This is a good question, because as sustainable as bamboo the grass is, the cultivation and manufacturing process into hardwood flooring can potentially be unsustainable. In other words, it all comes down to what brand of bamboo flooring you go with. The bottom line is that some bamboo is grown with the use of synthetic chemical fertilizers and cheaply manufactured with potentially toxic levels of formaldehyde. This is the bamboo flooring that is NOT green and is obviously the one you want to avoid.
As mentioned in our Bamboo Flooring Selection Guide, the Moso species of bamboo is the best species for bamboo flooring. Since this species only grows at lower altitudes, there is no threat against endangered pandas, who live at higher elevations and whose diet consists of a different species of bamboo. Also, it is in the “lower” altitudes of Southern China’s Hunan Province where many a bamboo plantation is sustainably managed. Ensuring that your bamboo flooring has been grown on a plantation is essential to ensuring it isn’t contributing to deforestation. Some of the oldest bamboo plantations are indeed in China.
Another good indicator of sustainability is using bamboo flooring that is certified green by the Forest Stewardship Council (FSC) – the wood products authority for sustainably harvested wood. The only thing to keep in mind is that just because a company is a member of FSC, does not mean all of their products are FSC certified. In fact, most bamboo flooring manufacturers are not FSC certified. This is beginning to change, however. In 2008, Smith and Fong were the first company to receive an FSC certification on their Plyboo bamboo hardwood flooring. And more certifications are in the works. However, just because a bamboo flooring line is not FSC certified does not mean it isn’t green.
What it all really comes down to is transparency. Many bamboo flooring companies in the U.S. are simply distributors and truly don’t know where their bamboo comes from or how it is cultivated and manufactured. However, there are a few handful of brands and distributors who are highly transparent about their bamboo flooring – revealing their relationships with organic cultivators and bamboo plantations committed to social responsibility and fair trade.
What about the use of formaldehyde in the lamination process? While formaldehyde can lead to very toxic levels, the best brands contain formaldehyde levels far lower than what naturally occurs in Mother Nature herself (Yes, formaldehyde is a naturally occurring substance). E1 environmental guidelines call for no more than 0.1 Parts per million (PPM) formaldehyde levels. The greenest brands mentioned above, however, contain either no formaldehyde at all (using water-based finishers instead) or levels lower than 0.01 PPM – ten times lower that regulatory health guidelines. Keep in mind that non-formaldehyde glues contain isocyanate, which despite being non-toxic in its hardened state as a floor, is highly toxic to factory workers. Not necessarily a rewarding payoff is it? Again, formaldehyde levels lower than the amount found outdoors is NOT toxic to your health.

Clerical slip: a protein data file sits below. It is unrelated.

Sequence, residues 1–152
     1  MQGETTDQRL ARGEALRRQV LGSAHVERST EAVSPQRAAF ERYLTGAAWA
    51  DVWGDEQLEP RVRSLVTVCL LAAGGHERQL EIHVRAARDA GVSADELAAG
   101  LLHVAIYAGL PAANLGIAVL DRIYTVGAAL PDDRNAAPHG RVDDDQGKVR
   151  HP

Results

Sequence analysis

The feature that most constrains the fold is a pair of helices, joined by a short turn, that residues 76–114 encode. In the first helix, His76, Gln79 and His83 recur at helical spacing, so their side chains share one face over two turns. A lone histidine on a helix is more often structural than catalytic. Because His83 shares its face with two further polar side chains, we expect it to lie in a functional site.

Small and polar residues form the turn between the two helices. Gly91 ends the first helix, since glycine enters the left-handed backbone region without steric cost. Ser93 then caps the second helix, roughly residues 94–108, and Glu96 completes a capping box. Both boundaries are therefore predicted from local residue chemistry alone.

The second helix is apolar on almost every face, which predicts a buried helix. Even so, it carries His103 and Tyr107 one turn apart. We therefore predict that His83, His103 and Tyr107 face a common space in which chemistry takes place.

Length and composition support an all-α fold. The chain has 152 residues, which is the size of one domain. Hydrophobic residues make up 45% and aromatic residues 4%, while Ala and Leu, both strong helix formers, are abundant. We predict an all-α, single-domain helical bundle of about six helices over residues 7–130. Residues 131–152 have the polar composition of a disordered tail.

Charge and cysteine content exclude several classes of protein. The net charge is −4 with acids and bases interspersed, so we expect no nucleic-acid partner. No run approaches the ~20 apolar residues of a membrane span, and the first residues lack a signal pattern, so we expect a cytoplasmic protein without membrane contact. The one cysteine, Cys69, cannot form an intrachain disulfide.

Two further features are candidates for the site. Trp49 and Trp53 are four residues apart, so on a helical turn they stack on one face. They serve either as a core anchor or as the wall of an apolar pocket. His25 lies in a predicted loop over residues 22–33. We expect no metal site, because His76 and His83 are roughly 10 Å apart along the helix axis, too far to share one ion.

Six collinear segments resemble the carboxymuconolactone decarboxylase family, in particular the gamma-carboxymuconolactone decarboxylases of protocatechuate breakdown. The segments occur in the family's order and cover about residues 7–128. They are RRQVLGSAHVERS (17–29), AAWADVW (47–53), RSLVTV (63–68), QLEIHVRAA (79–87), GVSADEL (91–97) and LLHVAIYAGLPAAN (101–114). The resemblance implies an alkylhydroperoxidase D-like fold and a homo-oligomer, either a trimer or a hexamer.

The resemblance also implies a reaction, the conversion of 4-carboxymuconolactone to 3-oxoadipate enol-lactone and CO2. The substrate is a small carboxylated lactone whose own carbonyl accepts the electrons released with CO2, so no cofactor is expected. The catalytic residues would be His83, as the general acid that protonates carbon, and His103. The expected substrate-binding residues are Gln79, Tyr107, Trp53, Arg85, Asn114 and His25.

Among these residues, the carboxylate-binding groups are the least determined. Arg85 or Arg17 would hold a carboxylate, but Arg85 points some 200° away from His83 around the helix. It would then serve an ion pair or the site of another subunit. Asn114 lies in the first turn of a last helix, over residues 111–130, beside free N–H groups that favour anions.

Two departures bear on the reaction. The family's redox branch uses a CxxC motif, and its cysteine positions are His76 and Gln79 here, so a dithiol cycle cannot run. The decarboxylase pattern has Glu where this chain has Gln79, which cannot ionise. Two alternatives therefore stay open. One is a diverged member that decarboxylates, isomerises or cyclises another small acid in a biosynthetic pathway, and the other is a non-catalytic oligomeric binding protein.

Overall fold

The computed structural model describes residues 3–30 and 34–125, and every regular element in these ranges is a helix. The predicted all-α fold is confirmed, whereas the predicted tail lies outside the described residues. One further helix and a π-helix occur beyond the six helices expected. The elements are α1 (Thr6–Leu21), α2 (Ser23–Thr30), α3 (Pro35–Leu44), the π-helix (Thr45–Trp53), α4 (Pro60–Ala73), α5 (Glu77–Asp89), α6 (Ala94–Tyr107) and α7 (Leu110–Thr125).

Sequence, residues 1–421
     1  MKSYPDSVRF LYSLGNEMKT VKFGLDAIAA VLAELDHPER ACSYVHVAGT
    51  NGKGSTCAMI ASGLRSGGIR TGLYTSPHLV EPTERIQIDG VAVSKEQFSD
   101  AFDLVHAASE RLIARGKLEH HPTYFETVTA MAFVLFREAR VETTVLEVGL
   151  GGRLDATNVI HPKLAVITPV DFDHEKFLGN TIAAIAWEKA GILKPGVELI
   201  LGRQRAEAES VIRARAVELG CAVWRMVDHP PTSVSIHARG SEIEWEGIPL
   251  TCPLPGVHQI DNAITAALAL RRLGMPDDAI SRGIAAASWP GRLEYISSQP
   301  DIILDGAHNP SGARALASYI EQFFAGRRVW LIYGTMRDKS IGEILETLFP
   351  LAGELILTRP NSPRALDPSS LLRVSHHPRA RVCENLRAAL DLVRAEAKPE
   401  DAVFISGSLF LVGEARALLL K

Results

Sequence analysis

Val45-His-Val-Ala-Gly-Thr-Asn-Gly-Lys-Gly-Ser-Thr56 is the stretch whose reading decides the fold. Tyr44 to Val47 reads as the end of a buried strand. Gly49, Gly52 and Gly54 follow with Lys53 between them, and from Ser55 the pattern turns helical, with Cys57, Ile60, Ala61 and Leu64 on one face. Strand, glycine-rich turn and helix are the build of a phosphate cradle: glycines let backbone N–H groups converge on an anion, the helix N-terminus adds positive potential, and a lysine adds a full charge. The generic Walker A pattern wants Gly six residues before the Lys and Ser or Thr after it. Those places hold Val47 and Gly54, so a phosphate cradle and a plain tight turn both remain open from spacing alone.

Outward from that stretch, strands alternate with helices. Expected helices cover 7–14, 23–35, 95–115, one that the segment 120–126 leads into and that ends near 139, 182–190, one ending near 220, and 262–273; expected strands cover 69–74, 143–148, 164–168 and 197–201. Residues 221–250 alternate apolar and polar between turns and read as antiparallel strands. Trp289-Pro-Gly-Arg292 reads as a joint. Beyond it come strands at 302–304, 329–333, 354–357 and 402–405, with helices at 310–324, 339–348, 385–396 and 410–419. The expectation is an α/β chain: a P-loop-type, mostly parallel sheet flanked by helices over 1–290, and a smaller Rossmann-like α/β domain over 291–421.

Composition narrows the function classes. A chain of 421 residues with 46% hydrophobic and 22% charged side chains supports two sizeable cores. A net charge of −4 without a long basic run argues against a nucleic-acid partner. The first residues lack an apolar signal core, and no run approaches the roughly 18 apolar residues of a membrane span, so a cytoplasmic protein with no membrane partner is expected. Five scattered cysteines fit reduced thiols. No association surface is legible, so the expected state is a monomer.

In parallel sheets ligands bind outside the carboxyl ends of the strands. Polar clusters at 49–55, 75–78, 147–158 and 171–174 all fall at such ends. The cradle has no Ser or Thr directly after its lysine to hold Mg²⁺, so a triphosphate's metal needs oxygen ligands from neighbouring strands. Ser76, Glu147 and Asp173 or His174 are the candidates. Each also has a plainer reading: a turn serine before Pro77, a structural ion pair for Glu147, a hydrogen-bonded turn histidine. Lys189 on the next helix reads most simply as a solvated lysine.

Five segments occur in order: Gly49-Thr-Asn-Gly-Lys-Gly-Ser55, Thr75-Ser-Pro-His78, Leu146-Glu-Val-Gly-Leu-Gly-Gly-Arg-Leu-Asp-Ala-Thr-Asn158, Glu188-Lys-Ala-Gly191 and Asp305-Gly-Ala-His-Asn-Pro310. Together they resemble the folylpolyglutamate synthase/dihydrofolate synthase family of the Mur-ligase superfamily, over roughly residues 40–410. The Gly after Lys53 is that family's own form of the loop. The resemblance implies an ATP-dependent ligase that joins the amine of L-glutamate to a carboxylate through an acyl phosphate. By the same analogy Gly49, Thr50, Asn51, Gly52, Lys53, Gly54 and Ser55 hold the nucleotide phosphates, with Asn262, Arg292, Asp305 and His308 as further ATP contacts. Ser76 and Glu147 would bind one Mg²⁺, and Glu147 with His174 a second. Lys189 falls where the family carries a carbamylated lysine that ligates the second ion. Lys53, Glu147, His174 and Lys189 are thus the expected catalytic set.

In terms of shipping, imported bamboo hardwood flooring manages to stay “green” via transportation by energy efficient ocean liners. In fact, energy used to transport Chinese bamboo flooring has been shown to be compatible with, if not better than domestic truck transportation. For example, if you live in the West Coast and purchase oak or maple flooring which comes from the Eastern U.S., there is more energy that goes into this purchase than bamboo flooring shipped overseas. And if you are worried about unsafe and pollutant causing conditions in Chinese factories, think again. Some of the best-run flooring mills in the world are in China. You can tell by looking at the factory’s ISO certification. Those mills with ISO 1400 certification are very tightly controlled for waste, pollutants and ensuring the safety and health of their workers. Most mills in the U.S. don’t even come close to ISO 1400. Again, those brands mentioned above are in the green.
So yes, bamboo flooring can be green. Don’t settle for the cheap stuff. Know your brands and retailers and go with the pros that know. Even if you have to pay more, besides the fact that you will be getting a better product, the knowledge that you are indeed helping the Earth, will pay for itself ten fold.